Link to comment
Share on other sites

  • 2 weeks later...
1 hour ago, Andrew Butler said:

By paying?!

Yes!! unless Dafydd y Garreg Wen knows another way!

If you live in, for instance, Kent, and you buy the Times it costs you whatever per day. I read it most days 'online' and it costs me less than £10 per month - about 30p per day - good value I say!

Link to comment
Share on other sites

It’s not as easy as it used to be, but there are still ways of getting free access to most newspaper sites if all you want is an occasional article.

Church Times obit here:

https://www.churchtimes.co.uk/articles/2022/27-may3-june/gazette/obituaries/obituary-simon-preston

“transformed the medieval cathedral choir” made me smile. Gives the impression that the members had been there since the Middle Ages. Perhaps they had ….

Link to comment
Share on other sites

On 29/05/2022 at 08:46, S_L said:

Yes!! unless Dafydd y Garreg Wen knows another way!

If you live in, for instance, Kent, and you buy the Times it costs you whatever per day. I read it most days 'online' and it costs me less than £10 per month - about 30p per day - good value I say!

Oh absolutely - I have an online subscription to the Charente Libre.  

I have no desire to read The Times though 🙄

Link to comment
Share on other sites

4 hours ago, Andrew Butler said:

Oh absolutely - I have an online subscription to the Charente Libre.  

Since, unfortunately, featuring in Charente Libre just over 12 months ago I haven't seen a copy!

I thought, my the very nature of the title, that it was free! The dictionary gives the word  subscription as "an arrangement to receive something, typically a publication, regularly by paying in advance."

Link to comment
Share on other sites

Whatever the Dutch version of franglais is, you can get caught out with "free" there as well. The Vrije Universitieit Amsterdam, the Free University of Amsterdam, is not free because it costs nothing, otherwise it would be kostenloos or gratis instead of vrij, but is free of religious dogma or attachment to religious denomination. Until relatively recently in the Netherlands it really mattered which Christian denomination you belonged to, in private as well as professional life. However, the university is still a Christian foundation, and each public event such as a degree ceremony begins and ends with the declaration "Onze hulp is in de naam van de Heer - Our help is in the name of the Lord". These are usually held in the Aula, which houses the uncompromising Couperin organ, an instrument which would be much better known and effective if it were not in a lecture room with practically no reverberation. A great pity.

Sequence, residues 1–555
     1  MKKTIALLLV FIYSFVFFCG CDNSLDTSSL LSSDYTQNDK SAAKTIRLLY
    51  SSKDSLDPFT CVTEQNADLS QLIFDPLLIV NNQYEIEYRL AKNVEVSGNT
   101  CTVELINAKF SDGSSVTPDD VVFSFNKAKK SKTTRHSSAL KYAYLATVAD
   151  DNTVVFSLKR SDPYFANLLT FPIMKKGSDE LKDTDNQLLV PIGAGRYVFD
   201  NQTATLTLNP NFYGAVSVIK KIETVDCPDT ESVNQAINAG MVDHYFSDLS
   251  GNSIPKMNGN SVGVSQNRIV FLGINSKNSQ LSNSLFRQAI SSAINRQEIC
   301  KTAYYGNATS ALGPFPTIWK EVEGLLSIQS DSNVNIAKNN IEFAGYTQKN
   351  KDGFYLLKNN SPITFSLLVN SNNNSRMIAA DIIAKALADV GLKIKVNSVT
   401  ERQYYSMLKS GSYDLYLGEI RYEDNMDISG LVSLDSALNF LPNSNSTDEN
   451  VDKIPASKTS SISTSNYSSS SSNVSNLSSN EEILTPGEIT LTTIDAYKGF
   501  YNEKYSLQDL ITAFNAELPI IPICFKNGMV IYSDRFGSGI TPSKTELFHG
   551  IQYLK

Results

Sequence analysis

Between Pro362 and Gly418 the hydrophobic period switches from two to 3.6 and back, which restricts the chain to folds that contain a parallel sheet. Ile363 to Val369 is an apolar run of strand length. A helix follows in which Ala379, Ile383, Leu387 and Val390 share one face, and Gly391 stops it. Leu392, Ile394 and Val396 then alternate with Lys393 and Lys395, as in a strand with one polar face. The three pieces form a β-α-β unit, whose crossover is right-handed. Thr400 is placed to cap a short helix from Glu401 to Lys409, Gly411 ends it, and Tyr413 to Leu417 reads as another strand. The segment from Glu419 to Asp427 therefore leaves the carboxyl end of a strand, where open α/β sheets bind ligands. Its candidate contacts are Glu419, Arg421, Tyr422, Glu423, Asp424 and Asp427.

Sorry, almost an irrelevant quip in the comments for a fine organist.

Link to comment
Share on other sites

Oh dear - steaming a little astern of the fleet again as I have only just noticed this thread.

I was fortunate to meet Simon Preston on several occasions and found him an engaging personality; we were almost the same age. I was pleased to introduce him to the three-decker Byfield at St Mary's, Rotherhithe a long time ago - this must have been in the early 'sixties for I remember that Charles Purpart was organist at the time. This was not long after Noel Mander had performed a thorough overhaul and returned some of the specification to the eighteenth century original. 

Preston had a large influence in the recital world but sadly was unheard in recent years.

Link to comment
Share on other sites

Please sign in to comment

You will be able to leave a comment after signing in



Sign In Now
 Share

×
×
  • Create New...